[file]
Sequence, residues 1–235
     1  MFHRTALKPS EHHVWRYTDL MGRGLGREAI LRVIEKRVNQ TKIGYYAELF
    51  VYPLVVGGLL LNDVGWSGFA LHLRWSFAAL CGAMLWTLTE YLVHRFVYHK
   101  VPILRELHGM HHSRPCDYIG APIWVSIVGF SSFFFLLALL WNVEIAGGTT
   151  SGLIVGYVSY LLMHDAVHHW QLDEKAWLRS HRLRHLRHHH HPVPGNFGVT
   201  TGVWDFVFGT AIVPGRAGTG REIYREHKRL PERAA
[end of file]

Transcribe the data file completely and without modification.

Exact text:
Sequence, residues 1–235
     1  MFHRTALKPS EHHVWRYTDL MGRGLGREAI LRVIEKRVNQ TKIGYYAELF
    51  VYPLVVGGLL LNDVGWSGFA LHLRWSFAAL CGAMLWTLTE YLVHRFVYHK
   101  VPILRELHGM HHSRPCDYIG APIWVSIVGF SSFFFLLALL WNVEIAGGTT
   151  SGLIVGYVSY LLMHDAVHHW QLDEKAWLRS HRLRHLRHHH HPVPGNFGVT
   201  TGVWDFVFGT AIVPGRAGTG REIYREHKRL PERAA